While many people are aware of breast cancer, many are not informed of the diet and exercise practices for those with the disease. In celebration National Breast Cancer Awareness Month, we will be highlighting healthy practices for patients and survivors of Breast Cancer.
A breast cancer diagnosis can be devastating. Many patients wonder, “What caused this cancer and what changes can I make to prolong my health?”
A healthy diet, regular exercise and stress management can support overall health and well-being for people diagnosed with breast cancer.The general guidelines while in treatment and in-recovery include, eating more fruits, vegetables, whole grains, and legumes and decreasing fat intake, especially trans fats and saturated fats. Processed foods high in added sugars, fats, and sodium should be limited, while foods rich in fiber, protein, and vitamins/minerals should be included regularly for most individuals. Alcohol consumption should be moderate, if consumed at all, and managing a healthy weight is also important. Sounds simple, right? These recommendations are true for almost anyone who wants to maintain a healthy lifestyle.
But breast cancer treatment may include surgery, radiation, and chemotherapy, as well as hormone therapy and targeted drugs. Although highly effective, these therapies are often accompanied by soreness or pain, nausea and vomiting, hair-loss and anemia. Eating well amidst these additional challenges can be quite difficult.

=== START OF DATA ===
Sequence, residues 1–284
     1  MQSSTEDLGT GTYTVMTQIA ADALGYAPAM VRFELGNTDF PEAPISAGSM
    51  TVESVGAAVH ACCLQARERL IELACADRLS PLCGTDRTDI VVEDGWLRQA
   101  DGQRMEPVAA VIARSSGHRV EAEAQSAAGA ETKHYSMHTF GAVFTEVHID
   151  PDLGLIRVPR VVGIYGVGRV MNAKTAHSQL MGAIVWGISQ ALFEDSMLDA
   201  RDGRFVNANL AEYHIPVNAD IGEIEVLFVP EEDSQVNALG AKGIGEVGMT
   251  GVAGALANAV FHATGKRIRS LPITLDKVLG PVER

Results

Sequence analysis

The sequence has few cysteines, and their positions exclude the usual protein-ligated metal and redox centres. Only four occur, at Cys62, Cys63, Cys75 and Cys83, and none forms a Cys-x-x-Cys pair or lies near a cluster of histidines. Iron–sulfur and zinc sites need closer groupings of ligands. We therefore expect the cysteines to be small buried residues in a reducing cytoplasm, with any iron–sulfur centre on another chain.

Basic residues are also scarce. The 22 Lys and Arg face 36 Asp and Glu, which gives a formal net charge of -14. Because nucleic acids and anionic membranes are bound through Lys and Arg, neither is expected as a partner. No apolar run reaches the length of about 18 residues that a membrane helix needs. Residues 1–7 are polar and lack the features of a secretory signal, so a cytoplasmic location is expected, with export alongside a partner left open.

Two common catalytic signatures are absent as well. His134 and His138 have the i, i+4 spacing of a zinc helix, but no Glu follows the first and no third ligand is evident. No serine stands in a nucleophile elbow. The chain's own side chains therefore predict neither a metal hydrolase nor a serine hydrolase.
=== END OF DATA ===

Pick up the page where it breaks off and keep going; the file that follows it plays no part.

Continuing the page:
During chemotherapy treatment a person’s appetite and taste for certain foods can change. It can be a challenge to find appetizing meals that also include a variety of foods that help maintain a healthy weight.
Helping survivors create simple, delicious meals that support health, aid in combating symptoms, and are bright with texture and richness, can make a world of difference. Eating small frequent meals throughout the day, as opposed to two or three large meals, may also help make these meals more tolerable.
The autumn harvest presents us with a vast array of nutritious and delicious options for these easy and appetizing meals. Orange pumpkins, squash and sweet potatoes are rich in beta-carotene and fiber.Dark leafy greens, like kale, and cruciferous vegetables, like Brussels sprouts, supply health-promoting phytonutrients.
Cancer patients and survivors can take advantage of the bright colors and textures of the local fall farmer’s market to build immunity and excite their palates.
Kale and Cabbage Sprout Salad – Medifast Lean and Green Style
- 1 c Tuscan kale center stem discarded, leaves thinly sliced
- 3 oz cabbbage, trimmed, finely grated or shredded with a knife
- 4 oz Sliced Chicken Breast
- ½ oz toasted almonds, coarsely chopped
- 1 Tbsp finely grated Pecorino
- 2 Tbsp Newman’s Own Lighten Up Balsamic Vinaigrette
Toss kale and cabbage lightly with balsamic, place slice chicken breast over greens, sprinkle with grated cheese and toasted nuts.
Pumpkin Pie Custard*
- 1 Medifast Vanilla pudding
- 1 egg white
- ½ tsp vanilla extract
- ½ tsp pumpkin pie spice
- 1 pkt calorie-free sweetener
- ½ c water
Preheat oven to 350 degrees and spray a ramekin with cooking spray. Mix all ingredients in a blender. Pour into prepared ramekin and bake for 20 to 25 minutes or until set. Serve warm or refrigerate overnight.
*From Sandy’s Kitchen Adventures